CDC Misleads Public with Inconclusive Study on Salt and Children
Salt Institute Cites Report’s Own Caveats
Alexandria, VA (PRWEB) September 23, 2012
A recent paper from the CDC on childhood salt consumption and blood pressure (Sodium Intake and Blood Pressure Among U.S. Children and Adolescents) misleads the public according to the Salt Institute. Instead of measuring sodium intake using 24-hour urine collection and analysis, the scientific standard, the CDC study relies on interviewing children and asking them what they have eaten and then calculating the sodium content of these foods.
"The authors of this study also do not make any effort to describe the sodium content of the diet the individuals evaluated consumed. All things being equal, it is obvious that those who consume more total food will also consume more total sodium. The problem is not the salt content of the food but the amount of food consumed," said Morton Satin, Vice President of Science and Research of the Salt Institute.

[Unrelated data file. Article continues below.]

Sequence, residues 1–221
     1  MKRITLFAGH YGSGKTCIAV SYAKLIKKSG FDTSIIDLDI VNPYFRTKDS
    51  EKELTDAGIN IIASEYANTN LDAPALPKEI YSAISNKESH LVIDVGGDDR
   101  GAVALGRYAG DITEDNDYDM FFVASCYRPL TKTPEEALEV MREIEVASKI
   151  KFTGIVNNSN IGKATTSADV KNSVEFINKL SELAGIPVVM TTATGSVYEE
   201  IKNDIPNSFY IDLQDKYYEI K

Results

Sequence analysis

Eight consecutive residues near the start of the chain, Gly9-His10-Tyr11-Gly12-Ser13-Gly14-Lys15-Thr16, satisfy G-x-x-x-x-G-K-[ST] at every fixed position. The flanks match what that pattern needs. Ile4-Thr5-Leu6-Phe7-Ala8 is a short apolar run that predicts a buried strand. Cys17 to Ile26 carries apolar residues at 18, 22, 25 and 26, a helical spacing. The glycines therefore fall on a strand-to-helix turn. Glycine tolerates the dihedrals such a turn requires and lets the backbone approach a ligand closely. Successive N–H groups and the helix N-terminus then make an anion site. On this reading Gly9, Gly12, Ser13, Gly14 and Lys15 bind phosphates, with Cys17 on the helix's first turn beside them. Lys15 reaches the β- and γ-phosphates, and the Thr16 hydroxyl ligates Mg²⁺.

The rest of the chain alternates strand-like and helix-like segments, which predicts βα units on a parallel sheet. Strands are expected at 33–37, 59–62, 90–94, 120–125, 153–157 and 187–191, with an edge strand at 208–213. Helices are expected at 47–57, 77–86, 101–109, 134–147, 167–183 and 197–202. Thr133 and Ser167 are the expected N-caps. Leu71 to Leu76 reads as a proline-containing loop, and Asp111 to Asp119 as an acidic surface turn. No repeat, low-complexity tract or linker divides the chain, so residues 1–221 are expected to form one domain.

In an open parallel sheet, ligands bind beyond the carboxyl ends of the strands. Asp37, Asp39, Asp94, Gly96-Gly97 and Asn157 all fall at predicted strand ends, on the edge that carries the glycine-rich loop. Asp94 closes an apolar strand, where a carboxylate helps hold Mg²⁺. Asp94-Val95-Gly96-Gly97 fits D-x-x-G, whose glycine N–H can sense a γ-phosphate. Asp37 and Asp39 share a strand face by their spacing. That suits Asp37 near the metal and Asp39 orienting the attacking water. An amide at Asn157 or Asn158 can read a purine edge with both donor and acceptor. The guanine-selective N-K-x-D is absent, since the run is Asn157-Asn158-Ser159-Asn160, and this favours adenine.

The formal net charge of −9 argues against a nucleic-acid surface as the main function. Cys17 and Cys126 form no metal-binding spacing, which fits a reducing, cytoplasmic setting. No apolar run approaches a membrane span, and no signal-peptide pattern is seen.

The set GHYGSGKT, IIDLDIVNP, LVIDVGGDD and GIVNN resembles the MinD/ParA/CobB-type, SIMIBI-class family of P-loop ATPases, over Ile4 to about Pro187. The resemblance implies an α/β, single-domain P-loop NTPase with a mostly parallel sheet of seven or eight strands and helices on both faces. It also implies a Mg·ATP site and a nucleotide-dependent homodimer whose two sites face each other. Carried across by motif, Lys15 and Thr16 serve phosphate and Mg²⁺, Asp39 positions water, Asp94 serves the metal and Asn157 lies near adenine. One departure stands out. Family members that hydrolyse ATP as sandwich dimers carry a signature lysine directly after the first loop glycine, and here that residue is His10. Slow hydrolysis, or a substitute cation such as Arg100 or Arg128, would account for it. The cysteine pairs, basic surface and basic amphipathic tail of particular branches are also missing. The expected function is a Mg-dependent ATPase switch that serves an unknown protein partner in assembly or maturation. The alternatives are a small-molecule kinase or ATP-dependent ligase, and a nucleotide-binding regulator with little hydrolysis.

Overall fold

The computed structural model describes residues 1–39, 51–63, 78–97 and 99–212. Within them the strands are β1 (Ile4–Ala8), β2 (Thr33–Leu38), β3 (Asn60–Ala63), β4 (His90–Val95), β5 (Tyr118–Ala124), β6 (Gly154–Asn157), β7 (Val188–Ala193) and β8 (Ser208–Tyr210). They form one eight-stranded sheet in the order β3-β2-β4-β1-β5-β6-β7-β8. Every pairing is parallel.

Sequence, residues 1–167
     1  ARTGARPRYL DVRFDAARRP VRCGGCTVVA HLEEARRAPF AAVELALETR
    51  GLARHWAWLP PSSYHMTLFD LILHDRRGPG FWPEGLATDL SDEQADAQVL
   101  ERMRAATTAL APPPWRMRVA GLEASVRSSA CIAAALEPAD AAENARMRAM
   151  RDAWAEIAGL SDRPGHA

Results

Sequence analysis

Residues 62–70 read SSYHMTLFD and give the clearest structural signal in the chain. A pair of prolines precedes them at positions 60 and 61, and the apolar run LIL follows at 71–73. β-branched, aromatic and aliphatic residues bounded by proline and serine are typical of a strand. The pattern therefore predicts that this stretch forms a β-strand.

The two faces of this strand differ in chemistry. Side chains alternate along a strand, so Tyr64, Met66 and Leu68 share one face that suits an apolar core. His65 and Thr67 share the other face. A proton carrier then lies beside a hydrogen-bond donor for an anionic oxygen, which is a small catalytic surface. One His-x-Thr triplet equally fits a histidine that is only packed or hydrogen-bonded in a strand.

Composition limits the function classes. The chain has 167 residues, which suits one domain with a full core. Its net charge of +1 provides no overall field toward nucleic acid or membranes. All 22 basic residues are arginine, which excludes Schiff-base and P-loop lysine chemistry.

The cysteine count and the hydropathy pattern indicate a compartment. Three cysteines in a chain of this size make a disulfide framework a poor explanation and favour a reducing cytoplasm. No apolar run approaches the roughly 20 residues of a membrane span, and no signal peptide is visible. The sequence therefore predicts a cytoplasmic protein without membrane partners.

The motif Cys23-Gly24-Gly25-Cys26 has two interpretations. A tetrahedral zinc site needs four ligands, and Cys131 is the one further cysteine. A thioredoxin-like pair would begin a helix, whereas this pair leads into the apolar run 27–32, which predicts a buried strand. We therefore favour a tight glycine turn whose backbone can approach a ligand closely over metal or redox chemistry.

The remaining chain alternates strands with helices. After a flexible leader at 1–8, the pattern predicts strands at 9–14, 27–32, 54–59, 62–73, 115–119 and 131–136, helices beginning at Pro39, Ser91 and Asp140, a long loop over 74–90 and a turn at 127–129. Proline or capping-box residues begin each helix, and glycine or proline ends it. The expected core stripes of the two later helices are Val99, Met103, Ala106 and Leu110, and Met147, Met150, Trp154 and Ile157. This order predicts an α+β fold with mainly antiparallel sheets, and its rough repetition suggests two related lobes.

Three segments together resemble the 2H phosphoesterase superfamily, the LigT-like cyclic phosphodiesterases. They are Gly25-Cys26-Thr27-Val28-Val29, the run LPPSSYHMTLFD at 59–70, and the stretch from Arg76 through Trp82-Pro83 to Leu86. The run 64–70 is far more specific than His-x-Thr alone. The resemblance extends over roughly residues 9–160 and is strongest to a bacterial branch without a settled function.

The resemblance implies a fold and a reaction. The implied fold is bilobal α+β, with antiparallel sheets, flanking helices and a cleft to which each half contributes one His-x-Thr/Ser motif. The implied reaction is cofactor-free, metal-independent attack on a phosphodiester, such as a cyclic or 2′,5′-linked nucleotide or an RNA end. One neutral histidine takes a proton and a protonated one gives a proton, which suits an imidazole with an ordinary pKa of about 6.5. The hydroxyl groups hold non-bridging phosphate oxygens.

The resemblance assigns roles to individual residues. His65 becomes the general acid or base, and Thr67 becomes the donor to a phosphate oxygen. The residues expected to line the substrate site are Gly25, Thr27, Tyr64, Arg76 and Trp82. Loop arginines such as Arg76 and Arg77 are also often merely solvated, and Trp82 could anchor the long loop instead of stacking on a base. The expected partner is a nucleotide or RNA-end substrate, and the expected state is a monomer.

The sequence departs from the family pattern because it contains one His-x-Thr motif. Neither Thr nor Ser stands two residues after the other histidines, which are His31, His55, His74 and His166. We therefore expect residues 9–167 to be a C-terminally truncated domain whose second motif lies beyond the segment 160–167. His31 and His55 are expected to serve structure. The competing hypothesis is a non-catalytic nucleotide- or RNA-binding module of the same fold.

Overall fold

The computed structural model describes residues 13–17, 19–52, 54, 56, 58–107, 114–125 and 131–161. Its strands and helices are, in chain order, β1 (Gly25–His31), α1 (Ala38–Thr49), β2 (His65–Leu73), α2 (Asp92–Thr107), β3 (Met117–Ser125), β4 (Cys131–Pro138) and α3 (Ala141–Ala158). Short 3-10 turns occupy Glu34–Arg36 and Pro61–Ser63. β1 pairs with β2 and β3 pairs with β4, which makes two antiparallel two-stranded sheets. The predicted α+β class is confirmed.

The attempt of the CDC to link sodium consumption and obesity is also facetious since the authors fail to describe the physical activity of the different individuals they evaluated. Children who engage in more physical activity will be less likely to develop obesity even given the same diet with the same sodium content as less active children. The key factor in determining hypertension and pre-hypertension in children had more to do with the incidence of obesity than it did with sodium intake.
The CDC report itself admits this very point, buried on page 651, “Although we observed a non-significant association between sodium intake and BP or risk for pre-HBP/HBP among normal-weight children, it should not be interpreted as indicating a null effect of high sodium intake on BP.”
According to Satin, “It is a sad fact that the CDC’s own results clearly demonstrate that when the level of salt in foods is reduced, children will simply consume more food in order to satisfy their natural need for salt. In effect, salt reduction efforts will actually exacerbate the obesity crisis.”
What the paper does demonstrate is that our current level of salt consumption, when combined with a balanced energy intake to energy expenditure leads to good health. The problem of childhood obesity is a separate issue and should be dealt with as such.
The Salt Institute is a North American based non-profit trade association dedicated to advancing the many benefits of salt, particularly to ensure winter roadway safety, quality water and healthy nutrition.
For the original version on PRWeb visit: http://www.prweb.com/releases/prweb2012/9/prweb9930624.htm